Head and Neck surgery
Head and neck surgery includes diagnosis and treatment of benign and malignant conditions in the head and neck region. This includes investigation for neck lumps, voice change, swallowing difficulty and pain on swallowing, disease of the thyroid and parathyroid gland and conditions of salivary gland. It also involves investigation and treatment of conditions affecting the mouth and facial skin.
Diseases of the throat and neck
- Tonsillitis and pharyngitis
- Swallowing difficulties
- Sensation of lump in the throat
- Hoarse voice and other voice related problems
- Lump and swelling in the neck
- Diagnosis of cancer
The spectrum of head & neck surgery includes diagnosis and treatment of benign conditions within the head and neck and also diagnosis and treatment of head and neck cancer. Common conditions include persistent sore throat, fluctuating voice, sensation of lump in throat etc. These conditions are rarely serious and can be managed successfully but need thorough investigations.
Diseases of the salivary glands
Salivary gland diseases present usually as a swelling within the gland which can increase in size after eating or drinking. The swelling can cause discomfort and pain if it is infected. Very occasionally salivary glands can also develop a persistent lump which could be benign and rarely malignant.
Salivary gland pathology can be managed successfully by either conservative treatment and occasionally needing surgery to remove the affected gland.
Change in voice is very common and is usually following an episode of laryngitis. This condition can improve spontaneously and the voice can return to normal. Voice change which is persistent over 6 week’s needs urgent evaluation as very occasionally this could be due to a more sinister cause.
Voice problems can be managed with voice therapy, but at times can also need microlaryngeal surgery to remove pathology from the vocal cords. This could be due to benign conditions like vocal cord polyps or cysts, but occasionally more sinister pathology.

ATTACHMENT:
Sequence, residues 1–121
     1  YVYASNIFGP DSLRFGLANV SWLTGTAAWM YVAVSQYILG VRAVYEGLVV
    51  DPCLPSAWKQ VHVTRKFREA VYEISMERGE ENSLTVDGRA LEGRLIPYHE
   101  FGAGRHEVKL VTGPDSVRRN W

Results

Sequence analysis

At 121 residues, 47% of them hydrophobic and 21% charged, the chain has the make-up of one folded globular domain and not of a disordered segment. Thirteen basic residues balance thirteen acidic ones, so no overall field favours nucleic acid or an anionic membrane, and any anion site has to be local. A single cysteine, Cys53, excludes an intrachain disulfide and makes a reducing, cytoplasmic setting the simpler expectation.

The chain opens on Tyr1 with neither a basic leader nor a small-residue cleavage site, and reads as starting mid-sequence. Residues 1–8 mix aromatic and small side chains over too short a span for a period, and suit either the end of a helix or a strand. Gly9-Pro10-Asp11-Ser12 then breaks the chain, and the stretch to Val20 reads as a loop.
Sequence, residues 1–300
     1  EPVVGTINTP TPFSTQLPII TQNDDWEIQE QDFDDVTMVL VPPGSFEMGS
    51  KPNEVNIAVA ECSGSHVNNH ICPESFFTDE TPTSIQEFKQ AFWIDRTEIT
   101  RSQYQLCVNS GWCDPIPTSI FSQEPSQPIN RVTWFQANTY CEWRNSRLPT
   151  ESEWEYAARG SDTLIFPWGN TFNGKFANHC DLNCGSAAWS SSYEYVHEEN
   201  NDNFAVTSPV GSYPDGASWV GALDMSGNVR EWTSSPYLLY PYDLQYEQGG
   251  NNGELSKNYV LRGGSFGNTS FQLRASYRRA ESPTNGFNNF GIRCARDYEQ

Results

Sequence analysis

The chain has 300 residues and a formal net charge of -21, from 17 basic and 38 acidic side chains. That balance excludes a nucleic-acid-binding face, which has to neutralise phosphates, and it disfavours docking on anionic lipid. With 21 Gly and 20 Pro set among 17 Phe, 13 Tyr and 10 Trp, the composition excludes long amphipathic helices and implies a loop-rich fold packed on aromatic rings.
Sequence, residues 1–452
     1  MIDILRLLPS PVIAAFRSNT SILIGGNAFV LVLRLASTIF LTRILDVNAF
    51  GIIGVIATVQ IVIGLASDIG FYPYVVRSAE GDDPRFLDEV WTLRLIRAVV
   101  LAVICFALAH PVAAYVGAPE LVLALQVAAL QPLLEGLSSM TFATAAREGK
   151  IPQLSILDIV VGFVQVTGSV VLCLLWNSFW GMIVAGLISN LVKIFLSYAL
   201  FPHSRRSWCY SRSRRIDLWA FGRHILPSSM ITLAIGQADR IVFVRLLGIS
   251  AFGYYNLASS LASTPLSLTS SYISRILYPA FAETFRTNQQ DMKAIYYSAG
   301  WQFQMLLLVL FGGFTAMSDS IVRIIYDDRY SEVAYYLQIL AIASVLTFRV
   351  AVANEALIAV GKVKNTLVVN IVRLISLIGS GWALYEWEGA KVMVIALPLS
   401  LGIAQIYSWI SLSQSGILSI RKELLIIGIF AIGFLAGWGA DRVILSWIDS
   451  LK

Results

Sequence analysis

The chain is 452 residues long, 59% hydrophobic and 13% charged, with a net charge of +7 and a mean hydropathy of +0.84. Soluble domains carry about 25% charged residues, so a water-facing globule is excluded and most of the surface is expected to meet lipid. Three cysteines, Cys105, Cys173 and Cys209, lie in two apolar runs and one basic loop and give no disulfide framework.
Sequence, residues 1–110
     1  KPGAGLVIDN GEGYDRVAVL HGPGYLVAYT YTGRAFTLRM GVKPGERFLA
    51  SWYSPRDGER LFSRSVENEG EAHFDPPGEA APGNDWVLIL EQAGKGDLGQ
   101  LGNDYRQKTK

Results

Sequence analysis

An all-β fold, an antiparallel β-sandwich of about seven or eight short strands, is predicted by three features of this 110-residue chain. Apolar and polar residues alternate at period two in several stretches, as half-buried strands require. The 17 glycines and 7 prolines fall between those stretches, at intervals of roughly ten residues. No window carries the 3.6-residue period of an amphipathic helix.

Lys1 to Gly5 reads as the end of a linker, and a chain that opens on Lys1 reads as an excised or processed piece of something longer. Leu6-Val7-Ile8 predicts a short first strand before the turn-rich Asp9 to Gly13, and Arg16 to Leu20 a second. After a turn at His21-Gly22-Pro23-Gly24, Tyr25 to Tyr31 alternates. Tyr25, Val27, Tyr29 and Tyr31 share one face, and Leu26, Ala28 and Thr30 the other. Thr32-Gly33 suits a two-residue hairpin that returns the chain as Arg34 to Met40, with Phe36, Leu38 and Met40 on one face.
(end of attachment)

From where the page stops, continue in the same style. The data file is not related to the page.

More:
Management of head and neck cancer
Head and neck cancer is a diverse group of cancers affecting different parts of the throat and presenting in different ways. Most cancers, if diagnosed at early stages, can be treated successfully with very good outcome.
Head and neck cancer is fortunately not very common and therefore sometimes early diagnosis can be difficult. Most head and neck cancers would present with symptoms which are persistent and could include symptoms like persistent hoarseness of voice, swallowing difficulties, persistent pain on swallowing and palpable swelling in the neck. All of these above conditions can also be caused by other common conditions which are not related to cancer. Diagnosis of cancer will include a thorough examination including a flexible endoscopic examination of the nose and throat. This is usually performed under local anaesthetic nasal spray. It causes minimal discomfort and takes a very short time.
If there is an obvious swelling in the neck, the patient may also need an ultrasound scan or an MRI/CT scan. A biopsy of the lesion may also have to be performed either under a local anaesthetic, but more commonly under a general anaesthetic. Once diagnosis of cancer has been confirmed, the case will be discussed at the regional head and neck multi-disciplinary meeting along with other clinicians to confirm the staging and the best way to treat the cancer.
Treatment for head and neck cancer includes either surgery by itself or a combination of surgery, radiotherapy (IMRT) and chemotherapy. The choice of treatment depends on the site and stage of cancer and also individual patient factors. The decision for treatment is made at a multi-disciplinary team meeting which includes various specialists. Once treatment is complete, the patient is followed up at regular intervals for up to 5 years, but very occasionally, the follow up can be longer.
Disease of the thyroid and parathyroid
Thyroid and parathyroid diseases are relatively common. Most thyroid-related problems present as swelling in the neck, but the thyroid function test may be entirely normal and the patient may not have any other symptoms. The vast majority of thyroid swellings are benign and may not need any treatment once diagnosis has been made. Some thyroid swellings may be due to thyroid cancer which is diagnosed with a needle biopsy performed under ultrasound guidance. Thyroid swellings which are benign may not need surgical removal unless they cause symptoms or are cosmetically unsightly. The swellings which are diagnosed as thyroid cancer will need definitive treatment, usually in the form of removal of the thyroid gland either half or total followed by iodine treatment in some cases. The success and survival of patients with early diagnosis of thyroid cancer is extremely good. Following completion of treatment these patients will need long-term follow up and blood tests at regular intervals.